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Buachaill, Barrister
Category: Republic of Ireland Law
Satisfied Customers: 11664
Experience:  Barrister 17 years experience
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My son's father is mentally disabled and unaware that he has

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My son's father is mentally disabled and unaware that he has a son - I would like to establish paternity but his family have not been helpful. What can I do? My son is over 18 - does that make a difference?
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Customer: replied 4 months ago.
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Hello, and thank you for your question. I am your Expert and I will provide the answer you require.

1. Essentially, what needs to happen here is that you or your son needs to apply to the Circuit Court for a declaration that your son's father is the lawful father of him. This is to ensure that a swab of DNA or a blood test is taken to determine paternity of his father towards your son. It makes no difference that your son's father might be mentally disabled. The court will still order the swab or blood test to be taken so paternity can be determined. The issue of determining paternity does not depend upon your son's father being fully mentally sound or not. Normally, given that your son is over 18, he would apply for the Declaration but there is nothing to prevent you, as mother, from seeking the Declaration. However, you would need to ensure that your son supports you in your application to determine paternity as he would also have to give a swab of DNA or do a blood test as part of the process of determining paternity. However, the fact his father might be mentally disabled is no barrier to determining paternity.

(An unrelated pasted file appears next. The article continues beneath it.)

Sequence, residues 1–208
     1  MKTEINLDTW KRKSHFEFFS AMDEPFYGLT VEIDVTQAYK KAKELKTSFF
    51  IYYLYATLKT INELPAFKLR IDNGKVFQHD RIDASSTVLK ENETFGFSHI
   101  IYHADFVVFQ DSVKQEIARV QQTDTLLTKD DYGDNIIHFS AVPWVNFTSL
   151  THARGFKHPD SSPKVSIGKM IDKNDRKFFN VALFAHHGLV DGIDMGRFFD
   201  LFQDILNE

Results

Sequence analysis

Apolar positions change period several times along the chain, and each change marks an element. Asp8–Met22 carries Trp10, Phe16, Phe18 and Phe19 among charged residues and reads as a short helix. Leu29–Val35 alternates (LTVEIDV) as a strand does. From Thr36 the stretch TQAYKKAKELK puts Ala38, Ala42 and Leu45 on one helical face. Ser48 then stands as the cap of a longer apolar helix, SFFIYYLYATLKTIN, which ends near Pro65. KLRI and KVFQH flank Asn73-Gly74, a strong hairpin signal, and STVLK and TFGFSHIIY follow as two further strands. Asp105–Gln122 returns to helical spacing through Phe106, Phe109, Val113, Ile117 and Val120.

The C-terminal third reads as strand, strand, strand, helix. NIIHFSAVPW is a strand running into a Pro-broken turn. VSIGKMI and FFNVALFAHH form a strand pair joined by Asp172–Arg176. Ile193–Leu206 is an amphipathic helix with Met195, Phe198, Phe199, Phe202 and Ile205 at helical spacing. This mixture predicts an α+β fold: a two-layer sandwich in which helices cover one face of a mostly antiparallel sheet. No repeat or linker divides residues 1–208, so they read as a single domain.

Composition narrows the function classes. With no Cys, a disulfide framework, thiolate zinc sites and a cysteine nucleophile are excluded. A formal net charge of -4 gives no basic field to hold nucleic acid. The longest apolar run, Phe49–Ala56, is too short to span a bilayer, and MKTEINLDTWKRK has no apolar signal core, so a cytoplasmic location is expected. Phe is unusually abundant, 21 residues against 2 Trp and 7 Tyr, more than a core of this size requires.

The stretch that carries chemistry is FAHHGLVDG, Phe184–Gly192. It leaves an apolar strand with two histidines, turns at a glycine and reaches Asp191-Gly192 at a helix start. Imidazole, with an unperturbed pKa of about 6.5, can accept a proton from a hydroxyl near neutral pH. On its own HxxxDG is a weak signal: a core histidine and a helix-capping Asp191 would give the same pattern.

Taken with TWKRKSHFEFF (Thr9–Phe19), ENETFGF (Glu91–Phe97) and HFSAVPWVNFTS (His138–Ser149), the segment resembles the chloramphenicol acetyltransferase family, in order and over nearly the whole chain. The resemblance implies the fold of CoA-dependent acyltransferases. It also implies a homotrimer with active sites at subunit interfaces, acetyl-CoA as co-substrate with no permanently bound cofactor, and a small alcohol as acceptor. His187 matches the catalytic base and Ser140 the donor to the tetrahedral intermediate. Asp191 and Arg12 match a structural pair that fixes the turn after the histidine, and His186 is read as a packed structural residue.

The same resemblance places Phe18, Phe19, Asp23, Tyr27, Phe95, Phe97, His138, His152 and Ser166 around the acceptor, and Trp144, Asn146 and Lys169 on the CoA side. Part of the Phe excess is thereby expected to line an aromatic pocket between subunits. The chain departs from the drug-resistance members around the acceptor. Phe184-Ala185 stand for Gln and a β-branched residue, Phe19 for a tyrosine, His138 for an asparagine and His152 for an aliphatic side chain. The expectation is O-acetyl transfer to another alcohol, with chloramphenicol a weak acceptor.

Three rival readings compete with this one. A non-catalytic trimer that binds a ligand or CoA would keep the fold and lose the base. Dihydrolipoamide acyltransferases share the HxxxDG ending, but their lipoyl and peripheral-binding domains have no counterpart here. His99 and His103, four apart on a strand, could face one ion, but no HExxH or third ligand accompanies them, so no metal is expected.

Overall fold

2. I would advise you to see a solicitor to get legal papers issued. Because the boy's father is mentally disabled, he will have to be represented by a Next Friend appointed or have a Committee composed to represent his interests. This is because a person who is mentally disabled lacks the capacity to conduct a legal action on their own behalf. However, this issue of defending himself would only occur if his family decided he wanted to oppose the application. If the boy's father or whoever represents him decide to acquiesce in providing the swab of DNA, none of these issues arise. However, I mention them because you state the family of the boy's father are opposed to the issue being determined. However, ultimately, this is their problem and I would not dwell upon it but get proceedings issued to determine paternity and then see where everyone stands on the issue.

Customer: replied 4 months ago.
Thank you for your response, that's very helpful.

3. Much of the apparent opposition will melt away when you issue legal proceedings as then the law has to be followed and every child is entitled to know who is their lawful parent.

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Buachaill, Barrister
Satisfied Customers: 11664
Experience: Barrister 17 years experience
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